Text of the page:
“The credit belongs to the man who is actually in the arena, whose face is marred by dust and sweat and blood…if he fails, at least fails while daring greatly, so that his place shall never be with those cold and timid souls who neither know victory nor defeat.”

– Theodore Roosevelt, The Man in the Arena

Teddy RooseveltSimilar to starting anything else for the first time, it is inevitable that novice fencers will fail in some way. As an extremely complex individual sport, few people have the natural talent for fencing. There are numerous skills that take a long time to master. Given that, the rate of failure is high. Yet while some fencers may consider themselves a failure, another less accomplished fencers may not. Why is this?

Failure is subjective. We all have our own standards that we pressure ourselves to live meet. When we don’t meet them, we may feel like a failure because we are concentrating on what we have not accomplished (“I lost by one touch in overtime again. I am such a loser!”). This can further snowball into chronic negative thinking, and eventually lead to anger, frustration, and burnout.

Just as Teddy Roosevelt said, it is striving to meet your goal that counts, not the actual end result. While winning a gold medal at every single tournament for the rest of your fencing career is nice, it isn’t realistic.

Keep in mind these tips to stay motivated towards your goals. They may help you look past your continuous mistakes and keep you focused on your fencing development.

  • Don’t take it personally. People are quick to blame solely themselves for errors. This harsh self-criticism can negatively distract you from achieving success. Instead of thinking that you are solely at fault, (“I’ll never get that move. Why do I even try?”), try using a more constructive approach (“This move is difficult, but when I get it!”).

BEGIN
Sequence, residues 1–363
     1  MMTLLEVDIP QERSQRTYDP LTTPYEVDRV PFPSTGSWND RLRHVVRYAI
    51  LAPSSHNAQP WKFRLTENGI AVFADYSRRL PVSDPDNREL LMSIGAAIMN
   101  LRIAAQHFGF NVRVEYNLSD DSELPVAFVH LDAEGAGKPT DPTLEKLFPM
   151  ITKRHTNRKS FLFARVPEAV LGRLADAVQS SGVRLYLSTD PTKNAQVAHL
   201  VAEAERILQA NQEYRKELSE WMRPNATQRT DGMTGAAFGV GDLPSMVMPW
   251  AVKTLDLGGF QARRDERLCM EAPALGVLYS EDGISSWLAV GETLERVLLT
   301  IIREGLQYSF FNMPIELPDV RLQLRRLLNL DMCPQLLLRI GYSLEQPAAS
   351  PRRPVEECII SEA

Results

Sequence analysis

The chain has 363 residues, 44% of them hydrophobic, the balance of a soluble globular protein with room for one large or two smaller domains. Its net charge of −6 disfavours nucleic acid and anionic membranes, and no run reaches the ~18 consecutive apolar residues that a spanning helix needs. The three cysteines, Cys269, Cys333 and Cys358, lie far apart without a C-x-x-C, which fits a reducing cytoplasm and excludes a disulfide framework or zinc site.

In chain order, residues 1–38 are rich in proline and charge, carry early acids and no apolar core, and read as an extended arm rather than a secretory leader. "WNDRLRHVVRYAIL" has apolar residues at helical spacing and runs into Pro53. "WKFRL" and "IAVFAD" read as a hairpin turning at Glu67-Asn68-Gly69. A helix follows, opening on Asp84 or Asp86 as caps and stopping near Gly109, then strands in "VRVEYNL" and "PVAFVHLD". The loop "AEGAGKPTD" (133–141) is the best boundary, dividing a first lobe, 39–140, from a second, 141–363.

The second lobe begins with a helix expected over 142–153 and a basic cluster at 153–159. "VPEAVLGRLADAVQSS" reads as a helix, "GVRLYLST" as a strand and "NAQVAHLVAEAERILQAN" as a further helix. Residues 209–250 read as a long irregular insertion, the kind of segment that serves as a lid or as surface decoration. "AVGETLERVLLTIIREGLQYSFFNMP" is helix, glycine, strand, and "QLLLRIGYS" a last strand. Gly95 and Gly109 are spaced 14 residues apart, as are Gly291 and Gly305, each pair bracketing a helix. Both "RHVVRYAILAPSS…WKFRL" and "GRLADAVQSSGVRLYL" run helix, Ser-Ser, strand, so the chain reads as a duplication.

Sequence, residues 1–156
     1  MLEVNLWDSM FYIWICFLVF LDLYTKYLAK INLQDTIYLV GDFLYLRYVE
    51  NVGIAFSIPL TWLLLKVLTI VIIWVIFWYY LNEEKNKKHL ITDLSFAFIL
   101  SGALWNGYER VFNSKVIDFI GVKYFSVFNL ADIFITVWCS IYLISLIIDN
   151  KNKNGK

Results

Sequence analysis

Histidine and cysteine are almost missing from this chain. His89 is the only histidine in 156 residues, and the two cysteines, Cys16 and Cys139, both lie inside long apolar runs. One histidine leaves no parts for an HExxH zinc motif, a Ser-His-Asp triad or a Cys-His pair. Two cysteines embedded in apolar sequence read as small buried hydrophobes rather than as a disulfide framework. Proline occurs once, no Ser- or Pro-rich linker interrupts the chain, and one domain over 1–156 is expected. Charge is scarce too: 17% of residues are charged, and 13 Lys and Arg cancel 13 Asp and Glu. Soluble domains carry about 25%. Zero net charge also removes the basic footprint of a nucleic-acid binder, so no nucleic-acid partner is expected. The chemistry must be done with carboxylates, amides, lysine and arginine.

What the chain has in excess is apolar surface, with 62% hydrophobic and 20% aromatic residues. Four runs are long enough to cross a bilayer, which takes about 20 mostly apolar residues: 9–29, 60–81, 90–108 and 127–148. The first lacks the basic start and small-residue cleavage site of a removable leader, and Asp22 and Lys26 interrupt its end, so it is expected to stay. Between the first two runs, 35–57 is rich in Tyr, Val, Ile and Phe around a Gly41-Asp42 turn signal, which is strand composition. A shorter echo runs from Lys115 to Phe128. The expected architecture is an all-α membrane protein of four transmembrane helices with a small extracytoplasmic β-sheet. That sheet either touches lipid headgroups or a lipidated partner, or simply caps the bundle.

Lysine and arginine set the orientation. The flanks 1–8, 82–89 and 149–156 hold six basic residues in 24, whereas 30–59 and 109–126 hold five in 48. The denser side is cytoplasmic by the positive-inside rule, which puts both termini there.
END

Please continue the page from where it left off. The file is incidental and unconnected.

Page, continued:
• This too shall pass. Although failure is a part of any accomplishment, it is actually important and even necessary. It may not feel very good at the time, but fortunately it is only temporary. Failure is only part of your growth as a competitor. Turn a concrete negative thought such as, “I’ll never beat that guy,” into a short-term setback, like “I may have lost to him again, but that doesn’t make me a bad fencer. I’m going to keep trying.”
  • Failure = Feedback. There is no better way to learn than to fail. It’s our perspective of the failure that either motivates us or destroys us. Every time we fail to reach our goal, we can learn how we can get better. Although you did not reach your goal, are you getting closer to it? What haven’t you tried yet? Keep a constructive mindset by making proper adjustments, which will keep your mind clear for pursuing your goals. Staying self-critical can cloud your vision, keep you preoccupied with errors, and feeling defeated.
  • Have fun! Many people enjoy the sport not because they are good at it, but because they have fun doing it. Fencing offers a unique competitive atmosphere founded on etiquette. It can be extremely exciting and competitive at the same time. If fencing isn’t fun anymore, take a break. Once you have the itch to fence again, it will be more enjoyable once you get back into it. If you don’t have the itch to fence again, maybe fencing isn’t for you.

Teddy Roosevelt defines failure as the absence of effort. By staying persistent in your training, you can measure success in small but significant ways. Keep in mind what you are doing right, rather than dwelling on inevitable mistakes.

Failure does not overshadow your accomplishments. It is a part of learning something new, no matter what you attempt. Lastly, remember to have fun while making progress in the sport you love so much!